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Mitochondria and the Heart
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Published: 10 years ago

Mitochondria and the Heart

Mitochondria anre the major sites of energy production in the cell. Mitochondria anre often called the power plants of the cell because they produce adenosine triphosphate (ATP), otherwise known as your body's natural source of energy. The heart is one of the most intensely used muscles in the body and, being very energy dependent, relies heavily upon the mitochondria and production of ATP. While most cells in the body are estimated to have only a few hundred of these cellular power plants, the hard-working heart cells have been estimated to have approximately 5,000 mitochondria each.

When you consider how highly concentrated mitochondria is in the heart, it's obvious that the production of ATP is one of its vital functions. However, the efficiencey with which it is able to do this slowly decreases as we get older. The complex process of turning nutrients into ATP in the mitochondria depends on many complex chemical reactions. These reactions produce countless numbers of free radicals and can be very dangerous and harmful to the body if left unchecked.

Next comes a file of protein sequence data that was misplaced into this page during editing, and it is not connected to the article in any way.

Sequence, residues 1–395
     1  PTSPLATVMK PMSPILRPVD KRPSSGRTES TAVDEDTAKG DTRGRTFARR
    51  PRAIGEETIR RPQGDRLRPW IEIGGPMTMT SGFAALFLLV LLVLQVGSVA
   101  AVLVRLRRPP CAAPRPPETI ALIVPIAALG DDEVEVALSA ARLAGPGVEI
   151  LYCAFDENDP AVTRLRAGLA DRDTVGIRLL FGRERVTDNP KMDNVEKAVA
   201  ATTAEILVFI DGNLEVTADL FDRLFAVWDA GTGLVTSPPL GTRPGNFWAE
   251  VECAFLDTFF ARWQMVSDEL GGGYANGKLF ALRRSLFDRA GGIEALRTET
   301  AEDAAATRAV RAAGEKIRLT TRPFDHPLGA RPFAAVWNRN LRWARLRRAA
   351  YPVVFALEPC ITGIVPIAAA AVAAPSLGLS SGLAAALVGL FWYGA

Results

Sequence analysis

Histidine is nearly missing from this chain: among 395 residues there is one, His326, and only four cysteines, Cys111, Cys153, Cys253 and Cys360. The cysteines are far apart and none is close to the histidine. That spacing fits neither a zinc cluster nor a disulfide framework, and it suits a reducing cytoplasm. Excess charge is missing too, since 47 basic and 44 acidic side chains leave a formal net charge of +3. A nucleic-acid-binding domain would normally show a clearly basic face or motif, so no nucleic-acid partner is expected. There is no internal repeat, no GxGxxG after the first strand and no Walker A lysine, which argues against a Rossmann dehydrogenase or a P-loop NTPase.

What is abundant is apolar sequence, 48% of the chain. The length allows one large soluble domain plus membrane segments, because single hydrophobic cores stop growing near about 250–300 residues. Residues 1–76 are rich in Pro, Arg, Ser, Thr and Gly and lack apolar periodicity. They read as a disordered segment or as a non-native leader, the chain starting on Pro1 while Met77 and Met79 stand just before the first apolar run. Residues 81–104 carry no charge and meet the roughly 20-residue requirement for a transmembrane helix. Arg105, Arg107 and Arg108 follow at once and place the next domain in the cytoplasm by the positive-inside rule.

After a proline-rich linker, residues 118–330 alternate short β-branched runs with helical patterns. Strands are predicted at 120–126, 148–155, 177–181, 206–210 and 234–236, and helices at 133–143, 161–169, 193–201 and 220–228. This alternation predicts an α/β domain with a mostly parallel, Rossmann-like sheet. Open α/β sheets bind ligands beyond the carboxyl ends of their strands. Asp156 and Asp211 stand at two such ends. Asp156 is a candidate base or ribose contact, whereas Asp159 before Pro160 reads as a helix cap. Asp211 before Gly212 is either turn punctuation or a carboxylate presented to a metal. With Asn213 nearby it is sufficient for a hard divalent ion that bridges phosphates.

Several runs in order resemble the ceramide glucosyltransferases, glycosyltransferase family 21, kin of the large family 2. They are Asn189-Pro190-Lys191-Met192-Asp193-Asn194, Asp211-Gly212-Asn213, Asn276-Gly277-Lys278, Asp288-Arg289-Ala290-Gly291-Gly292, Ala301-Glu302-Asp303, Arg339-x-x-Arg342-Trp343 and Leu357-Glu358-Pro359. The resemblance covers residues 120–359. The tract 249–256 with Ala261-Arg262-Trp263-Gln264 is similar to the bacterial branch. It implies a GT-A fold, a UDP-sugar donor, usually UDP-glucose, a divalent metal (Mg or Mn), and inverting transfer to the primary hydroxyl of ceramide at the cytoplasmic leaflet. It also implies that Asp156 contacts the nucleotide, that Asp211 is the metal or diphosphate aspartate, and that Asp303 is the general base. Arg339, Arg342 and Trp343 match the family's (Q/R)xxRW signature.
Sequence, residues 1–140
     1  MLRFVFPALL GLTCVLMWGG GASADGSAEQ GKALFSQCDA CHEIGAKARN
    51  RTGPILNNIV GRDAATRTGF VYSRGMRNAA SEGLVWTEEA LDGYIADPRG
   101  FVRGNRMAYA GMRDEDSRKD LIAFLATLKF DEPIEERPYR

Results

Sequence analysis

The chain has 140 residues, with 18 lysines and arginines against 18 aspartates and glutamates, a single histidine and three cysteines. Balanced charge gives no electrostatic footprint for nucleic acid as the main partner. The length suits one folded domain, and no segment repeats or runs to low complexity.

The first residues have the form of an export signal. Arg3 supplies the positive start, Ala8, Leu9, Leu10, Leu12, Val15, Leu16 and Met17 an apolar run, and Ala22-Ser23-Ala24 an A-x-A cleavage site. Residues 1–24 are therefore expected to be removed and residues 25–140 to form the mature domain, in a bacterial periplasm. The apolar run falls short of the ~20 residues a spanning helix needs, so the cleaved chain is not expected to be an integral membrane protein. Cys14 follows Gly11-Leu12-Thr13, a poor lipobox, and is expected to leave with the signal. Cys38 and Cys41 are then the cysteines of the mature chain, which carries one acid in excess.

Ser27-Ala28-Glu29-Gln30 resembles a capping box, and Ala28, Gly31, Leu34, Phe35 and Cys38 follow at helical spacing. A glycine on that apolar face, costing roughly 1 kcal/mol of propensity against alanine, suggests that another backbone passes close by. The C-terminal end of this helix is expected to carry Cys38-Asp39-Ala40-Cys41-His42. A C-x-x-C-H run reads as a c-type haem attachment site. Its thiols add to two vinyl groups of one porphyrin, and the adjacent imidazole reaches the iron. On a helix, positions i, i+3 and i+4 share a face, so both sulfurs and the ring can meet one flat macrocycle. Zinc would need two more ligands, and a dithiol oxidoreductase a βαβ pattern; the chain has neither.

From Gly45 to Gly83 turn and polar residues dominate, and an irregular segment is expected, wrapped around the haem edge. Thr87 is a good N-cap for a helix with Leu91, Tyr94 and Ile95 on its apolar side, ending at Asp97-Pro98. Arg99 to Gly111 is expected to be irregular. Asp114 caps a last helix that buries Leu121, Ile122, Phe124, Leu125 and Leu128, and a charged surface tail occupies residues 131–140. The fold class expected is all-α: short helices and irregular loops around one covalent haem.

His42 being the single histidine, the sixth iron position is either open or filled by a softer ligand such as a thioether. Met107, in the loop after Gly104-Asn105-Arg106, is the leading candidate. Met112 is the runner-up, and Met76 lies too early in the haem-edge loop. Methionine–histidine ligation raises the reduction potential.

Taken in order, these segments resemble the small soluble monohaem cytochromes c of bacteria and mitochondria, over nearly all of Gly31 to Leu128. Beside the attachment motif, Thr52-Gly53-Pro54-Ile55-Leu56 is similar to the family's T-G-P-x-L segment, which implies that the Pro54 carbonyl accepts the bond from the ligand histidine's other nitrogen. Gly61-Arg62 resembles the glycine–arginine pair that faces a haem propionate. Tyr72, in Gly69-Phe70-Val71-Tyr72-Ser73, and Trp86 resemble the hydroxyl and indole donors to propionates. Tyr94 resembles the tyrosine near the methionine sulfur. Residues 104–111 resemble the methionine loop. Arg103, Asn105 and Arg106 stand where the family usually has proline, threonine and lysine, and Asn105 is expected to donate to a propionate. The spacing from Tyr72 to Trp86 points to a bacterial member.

If the mitochondria sulfer enough free radical damage, the mitochondria cannot produce ATP as efficiently and aboundantly as required by the body. When your body does not have what it needs at the cellular lefvel it cannot function optimally.

Therefore protecting this critical "energy factories" for the entire body, and especially the heart, isparamount to retaining energy stores and maintaining good health. Enter glutathione.

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